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History of Hard and Soft Lighting

hard and soft lighting film history Soft and hard lighting

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#1 Kennan Conner

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Posted 18 December 2012 - 11:42 PM

I am a student writing a research essay about the correlation between method acting and the trend towards soft lighting in American cinema. My take on the topic is going to analyze how the popularity of method acting increased cinematographers' use of soft lighting as a means of lighting a space for the actors to improvise. I am going to qualify the method actor argument with other factors (i.e. technological "advancements" away from sunlight or carbon arcs towards helium balloons or kino flos, and greater dynamic range/faster film emulsions) which may have also affected the trend towards soft lighting. My research so far (including on this site) has turned out very little; if you can give me any advice, suggestions, directions, or opinions, I would be very appreciative. I am planning to support my analyses of A Streetcar Named Desire, The Godfather Part II, Raging Bull, and There Will Be Blood by outside evidence. Thank you in advance.

"Soft light has been a trend for the last fifteen years. Largely because of what happened in acting techniques through method acting, namely that actors don't hit the marks like they used to. They want more dynamic range. Hard lighting is very specific, and if you want it to look good, you have to hit that mark all the time. The new style of acting makes it impossible to do. We went into bigger soft sources so people can move around"

-John Buckley


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#2 David Mullen ASC

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Posted 19 December 2012 - 12:02 AM

Earliest silent movies were shot in studios under glass roofs with muslin cloth stretched across, so were under soft light. One of the most popular lights in the silent era were Cooper-Hewitts, which were gas-discharge fixtures in tubes, a cross between a mercury vapor streetlamp and a fluorescent tube, and produced a soft light. Cinematographers like Charles Rosher did lovely lighting effects by mixing hard carbon arc lamps with soft Cooper-Hewitt lamps. So soft lighting is not a modern phenomenon.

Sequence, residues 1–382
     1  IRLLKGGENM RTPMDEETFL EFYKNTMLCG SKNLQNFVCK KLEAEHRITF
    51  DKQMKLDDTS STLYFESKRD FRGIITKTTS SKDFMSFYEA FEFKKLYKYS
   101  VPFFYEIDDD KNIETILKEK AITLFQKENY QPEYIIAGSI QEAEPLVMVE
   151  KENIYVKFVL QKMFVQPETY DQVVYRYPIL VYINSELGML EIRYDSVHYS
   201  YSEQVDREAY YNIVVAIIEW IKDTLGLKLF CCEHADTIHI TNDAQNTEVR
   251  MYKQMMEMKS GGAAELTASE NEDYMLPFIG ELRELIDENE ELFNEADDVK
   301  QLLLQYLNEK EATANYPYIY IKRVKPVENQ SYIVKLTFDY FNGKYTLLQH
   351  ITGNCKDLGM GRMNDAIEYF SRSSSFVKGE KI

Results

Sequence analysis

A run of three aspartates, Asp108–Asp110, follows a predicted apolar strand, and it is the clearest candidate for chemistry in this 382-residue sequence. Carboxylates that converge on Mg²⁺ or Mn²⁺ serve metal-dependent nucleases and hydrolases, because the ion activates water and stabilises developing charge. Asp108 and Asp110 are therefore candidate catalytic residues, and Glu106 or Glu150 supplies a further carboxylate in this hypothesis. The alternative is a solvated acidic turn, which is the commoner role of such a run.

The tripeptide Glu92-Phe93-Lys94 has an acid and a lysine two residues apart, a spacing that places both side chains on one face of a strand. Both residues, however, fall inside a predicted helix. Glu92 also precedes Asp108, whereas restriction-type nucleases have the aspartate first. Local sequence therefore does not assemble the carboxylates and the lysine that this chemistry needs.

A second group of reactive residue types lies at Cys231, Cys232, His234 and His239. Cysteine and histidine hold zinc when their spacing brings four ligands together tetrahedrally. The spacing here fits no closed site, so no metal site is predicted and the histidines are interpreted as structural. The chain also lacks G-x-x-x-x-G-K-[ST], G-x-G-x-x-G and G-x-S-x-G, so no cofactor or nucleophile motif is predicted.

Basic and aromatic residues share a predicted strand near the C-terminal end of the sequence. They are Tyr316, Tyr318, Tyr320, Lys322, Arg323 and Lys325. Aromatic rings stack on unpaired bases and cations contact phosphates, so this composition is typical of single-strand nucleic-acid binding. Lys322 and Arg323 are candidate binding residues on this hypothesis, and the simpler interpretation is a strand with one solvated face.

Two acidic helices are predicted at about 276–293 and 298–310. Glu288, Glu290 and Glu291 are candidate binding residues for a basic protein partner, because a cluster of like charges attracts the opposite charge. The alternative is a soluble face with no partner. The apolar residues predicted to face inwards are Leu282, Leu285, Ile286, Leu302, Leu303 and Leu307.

Sound killed the use of the noisy Cooper-Hewitts (as did color). But many 1930's movies still created soft lighting using tungsten lamps through spun glass or silks. By like all styles, people became tired of it and the sharper, crisper look using harder lights become the norm by the 1940's.

Soft lighting started reappearing in the work of the French New Wave and also in England from DP's like Ozzie Morris, late-1950's through the 1960's.

It's sort of a side benefit that soft lighting is more generalized in a space allowing actors to move more freely, or for the blocking to be changed in the last minute. The main reason it re-emerged is that soft light is one aspect of natural light and in the light depicted in paintings (based on natural light) and thus filmmakers were interested in recreating it or capturing it for real. It's too limiting to only use hard lighting or only soft lighting.
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#3 Kahleem Poole

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Posted 25 December 2012 - 04:16 PM

Awesome reply, David.
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